William Poundstone Talks To Bookbag About Job Interviews

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William Poundstone Talks To Bookbag About Job Interviews

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Summary: Ever since we read Are You Smart Enough To Work At Google? we've been trying out the questions on each other. William Poundstone popped into Bookbag Towers and chatted to us about some of the questions which are asked at job interviews.
Date: 5 April 2012

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No, Really — How Weird Are You?

By William Poundstone

Imagine that you are interviewing a politician or celebrity and are allowed to pose one question only. Is it possible to plumb the human soul in a single question?

I suspect the answer is "no," but that hasn't stopped people from trying. Revealing questions have become part of job interviewing. For over a decade, I've been collecting the unusual and sometimes bizarre questions that employers put to potential employees. I'm talking about questions like,

"On a scale of 1 to 10, how weird are you?" (asked at Zappos)

"If you could be any superhero, who would it be?" (AT&T)

"What would be your last meal, if you could choose anything?" (Whole Foods)

"How many garbage collectors are there in California?" (Apple)

"I'm thinking of number between 1 and 100. You have three guesses." (Expedia)

"How do you feel about ambiguity?" (Starbucks)

Actually, you'd better be cool with ambiguity, and not just if you're angling for a job as barista. Questions like these usually have no "right" answer. They are home-brewed personality tests. These questions are intended to gauge "culture fit"—how well the applicant would fit in with the company and its people. In today's narcissistic workplaces, companies have personalities, and the job interview is speed dating. This style of interviewing has become more common as the job market has turned grim. Now that firms have ten qualified applicants for every open position, they feel an obligation to be picky about whom they hire. Why choose anyone who isn't absolutely perfect?

Take the "how weird are you?" question. The interviewer who asks this question is in fact saying something about himself. He clearly sees himself as a creative type, and he sees the company as a haven for hipsters. Assuming you still want the job, you'll have to draw on that cue. Zappos CEO Tony Hsieh explained that they're looking for an answer in the middle. A 1 is "probably a little too straight-laced for us," Hsieh said, and a 10 "might be too psychotic." Zappos, in case you didn't know, sells shoes online.

Where do these questions come from? One root may be "Oxbridge questions." Applicants to Oxford and Cambridge have long been subjected to grueling interviews featuring oddball questions such as "Does a Girl Guide have a political agenda?" or "How much of the world's water is contained in a cow?" This is intended as a test of whether the prospective scholar can do something more than recite what he's been taught.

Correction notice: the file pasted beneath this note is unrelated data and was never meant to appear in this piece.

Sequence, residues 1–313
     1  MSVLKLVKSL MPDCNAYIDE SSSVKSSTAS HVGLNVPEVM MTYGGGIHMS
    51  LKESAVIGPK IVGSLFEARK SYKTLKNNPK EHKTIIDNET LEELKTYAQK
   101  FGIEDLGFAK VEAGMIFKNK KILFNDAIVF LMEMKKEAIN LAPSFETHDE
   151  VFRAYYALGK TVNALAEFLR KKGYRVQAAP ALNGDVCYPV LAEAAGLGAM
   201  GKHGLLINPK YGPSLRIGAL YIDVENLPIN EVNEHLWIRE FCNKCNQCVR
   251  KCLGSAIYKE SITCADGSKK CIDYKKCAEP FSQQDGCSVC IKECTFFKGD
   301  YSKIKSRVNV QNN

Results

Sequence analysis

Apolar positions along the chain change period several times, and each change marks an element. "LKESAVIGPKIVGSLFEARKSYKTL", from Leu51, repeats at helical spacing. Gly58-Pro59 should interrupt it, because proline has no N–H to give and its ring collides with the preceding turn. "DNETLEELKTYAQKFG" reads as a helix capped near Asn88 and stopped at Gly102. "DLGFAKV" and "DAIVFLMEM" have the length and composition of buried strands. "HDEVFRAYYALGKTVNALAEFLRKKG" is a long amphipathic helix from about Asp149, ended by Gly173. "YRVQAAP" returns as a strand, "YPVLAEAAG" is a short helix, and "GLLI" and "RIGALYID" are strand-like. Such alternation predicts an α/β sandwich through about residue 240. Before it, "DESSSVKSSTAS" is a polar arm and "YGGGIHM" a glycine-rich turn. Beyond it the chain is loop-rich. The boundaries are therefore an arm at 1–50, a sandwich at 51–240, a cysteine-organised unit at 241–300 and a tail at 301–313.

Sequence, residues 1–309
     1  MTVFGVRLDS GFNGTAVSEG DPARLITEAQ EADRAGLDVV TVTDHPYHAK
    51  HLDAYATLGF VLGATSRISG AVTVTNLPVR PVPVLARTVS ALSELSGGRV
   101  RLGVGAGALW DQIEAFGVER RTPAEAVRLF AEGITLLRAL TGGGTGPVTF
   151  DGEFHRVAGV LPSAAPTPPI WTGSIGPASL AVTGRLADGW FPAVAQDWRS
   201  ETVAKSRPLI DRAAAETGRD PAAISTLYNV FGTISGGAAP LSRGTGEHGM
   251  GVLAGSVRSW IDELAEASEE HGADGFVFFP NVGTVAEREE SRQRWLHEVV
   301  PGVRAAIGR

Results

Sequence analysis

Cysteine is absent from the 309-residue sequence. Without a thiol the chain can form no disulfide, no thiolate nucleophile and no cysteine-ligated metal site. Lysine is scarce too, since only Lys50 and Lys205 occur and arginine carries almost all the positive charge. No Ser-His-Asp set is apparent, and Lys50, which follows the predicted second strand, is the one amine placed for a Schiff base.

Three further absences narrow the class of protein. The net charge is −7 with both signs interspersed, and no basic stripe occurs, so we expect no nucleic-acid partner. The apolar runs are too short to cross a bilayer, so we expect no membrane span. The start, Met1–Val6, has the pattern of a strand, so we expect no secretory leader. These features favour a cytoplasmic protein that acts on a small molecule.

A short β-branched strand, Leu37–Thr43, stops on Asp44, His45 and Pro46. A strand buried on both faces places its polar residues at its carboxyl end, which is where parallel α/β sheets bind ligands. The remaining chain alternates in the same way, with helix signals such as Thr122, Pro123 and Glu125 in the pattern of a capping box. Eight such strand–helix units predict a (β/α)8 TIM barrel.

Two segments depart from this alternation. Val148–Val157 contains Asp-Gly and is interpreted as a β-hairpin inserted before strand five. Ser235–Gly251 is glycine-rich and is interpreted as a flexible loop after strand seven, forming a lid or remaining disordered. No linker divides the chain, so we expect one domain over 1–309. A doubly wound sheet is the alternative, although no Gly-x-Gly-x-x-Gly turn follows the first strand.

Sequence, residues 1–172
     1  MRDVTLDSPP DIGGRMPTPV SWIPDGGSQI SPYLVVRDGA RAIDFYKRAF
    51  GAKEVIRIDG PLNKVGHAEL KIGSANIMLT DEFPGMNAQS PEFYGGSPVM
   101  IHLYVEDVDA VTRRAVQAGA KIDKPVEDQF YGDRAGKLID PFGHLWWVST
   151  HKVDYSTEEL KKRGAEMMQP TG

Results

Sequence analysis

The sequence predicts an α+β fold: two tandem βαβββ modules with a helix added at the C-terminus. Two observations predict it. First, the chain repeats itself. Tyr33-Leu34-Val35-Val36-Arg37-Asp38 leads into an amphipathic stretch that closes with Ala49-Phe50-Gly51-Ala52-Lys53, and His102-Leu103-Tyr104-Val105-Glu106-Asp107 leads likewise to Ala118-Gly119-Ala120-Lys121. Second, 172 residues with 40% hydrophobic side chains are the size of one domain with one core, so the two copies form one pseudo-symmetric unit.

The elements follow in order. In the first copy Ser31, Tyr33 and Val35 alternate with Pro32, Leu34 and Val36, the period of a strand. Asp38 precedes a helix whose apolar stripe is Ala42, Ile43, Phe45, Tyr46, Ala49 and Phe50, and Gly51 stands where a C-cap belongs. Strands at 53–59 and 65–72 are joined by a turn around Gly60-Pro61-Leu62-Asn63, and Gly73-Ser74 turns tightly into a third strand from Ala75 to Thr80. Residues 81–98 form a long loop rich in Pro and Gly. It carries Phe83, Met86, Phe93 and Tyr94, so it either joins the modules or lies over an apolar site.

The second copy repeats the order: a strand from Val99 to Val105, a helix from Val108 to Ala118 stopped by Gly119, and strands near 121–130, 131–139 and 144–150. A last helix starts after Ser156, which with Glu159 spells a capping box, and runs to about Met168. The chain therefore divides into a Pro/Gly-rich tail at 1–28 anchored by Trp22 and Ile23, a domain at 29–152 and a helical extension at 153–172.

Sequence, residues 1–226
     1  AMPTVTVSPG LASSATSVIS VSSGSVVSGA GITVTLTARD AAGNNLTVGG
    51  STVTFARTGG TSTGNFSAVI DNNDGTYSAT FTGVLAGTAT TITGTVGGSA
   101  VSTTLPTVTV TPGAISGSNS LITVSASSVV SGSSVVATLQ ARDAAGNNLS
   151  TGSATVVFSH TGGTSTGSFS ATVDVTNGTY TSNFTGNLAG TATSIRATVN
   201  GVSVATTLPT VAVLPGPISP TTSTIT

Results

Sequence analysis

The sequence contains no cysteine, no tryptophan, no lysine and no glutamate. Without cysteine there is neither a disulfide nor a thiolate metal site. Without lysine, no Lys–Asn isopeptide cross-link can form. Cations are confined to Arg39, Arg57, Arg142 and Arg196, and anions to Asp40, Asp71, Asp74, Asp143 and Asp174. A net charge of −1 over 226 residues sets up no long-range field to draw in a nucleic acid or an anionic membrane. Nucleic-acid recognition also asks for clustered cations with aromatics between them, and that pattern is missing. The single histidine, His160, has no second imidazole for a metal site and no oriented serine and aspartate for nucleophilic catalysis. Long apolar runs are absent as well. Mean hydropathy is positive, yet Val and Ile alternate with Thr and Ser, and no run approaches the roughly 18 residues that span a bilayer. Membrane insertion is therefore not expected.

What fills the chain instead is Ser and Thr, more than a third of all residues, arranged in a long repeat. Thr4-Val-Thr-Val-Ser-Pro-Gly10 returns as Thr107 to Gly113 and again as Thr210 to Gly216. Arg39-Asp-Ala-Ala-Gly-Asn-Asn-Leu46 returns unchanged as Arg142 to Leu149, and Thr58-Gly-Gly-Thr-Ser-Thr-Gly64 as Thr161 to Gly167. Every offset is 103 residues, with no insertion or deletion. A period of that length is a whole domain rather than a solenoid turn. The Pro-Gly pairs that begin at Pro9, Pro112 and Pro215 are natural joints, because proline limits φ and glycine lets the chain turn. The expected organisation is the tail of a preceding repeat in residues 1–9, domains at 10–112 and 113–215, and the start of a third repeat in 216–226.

The puzzle idea was taken up by IBM in interviewing computer programmers in the 1950s. It's since become associated with technology companies like Microsoft, Apple, Google, and Facebook. “You have a bouquet of flowers," runs one interview riddle. "All but two are roses, all but two are daisies, and all but two are tulips. How many flowers do you have?”

In a way these are culture fit questions too. The people who enjoy these questions, or at least don't think them insufferable, are brainy types who may fit in well at a company where everyone is a computer science PhD working 60-hour weeks. (The correct answer to the flowers question: There are three flowers, one of each.)

Today's job interviews are often conducted by rank-and-file employees rather than human resources professionals. These citizen-interviewers are often unsure what to ask. They are also often bored and like to spice things up by tossing in an unusual question or two. The trend can be self-perpetuating. Off-the-wall questions are easier to remember than plain old boring questions and tend to get asked again. This is the age of interviewing by meme.

The cult of culture fit, like everything else, demands to be taken in moderation. The irony is that employers are more "diversity" conscious than ever—while also more obsessed than ever with finding employees whose personalities are exactly like those of the ones they've already got. There is a paradox there, right?

The consulting firm Accenture is said to have originated the following quartet of facetious interview questions (though it turns up at other companies). The jest speaks a truth: All-powerful employers and pop psychology have stacked the deck against today's job seekers.

1. "How do you put a giraffe in a refrigerator?" The job applicant fumbles and is told the correct answer: "Open the refrigerator, put in the giraffe, and close the door."

2. "How do you put an elephant in a refrigerator?" The correct answer: "Open the refrigerator, take out the giraffe, put in the elephant, and close the door." The interviewer explains, "this question tests your ability to recognize the consequences of your actions."

3. "The Lion King is holding an animal conference. All the animals attend except one. Which one?" The correct answer: "The elephant. You put him in the refrigerator." The interviewer adds, "This question tests your memory. You’ve now got one final chance to prove yourself."

4. "You have to cross a river in crocodile country and don’t have a boat. How do you get across?" The correct answer: "You swim. The crocodiles are all attending the animal conference." Explains the interviewer, "This tests how well you learn from your mistakes."

—William Poundstone is the author of Are You Smart Enough To Work At Google? (Oneworld)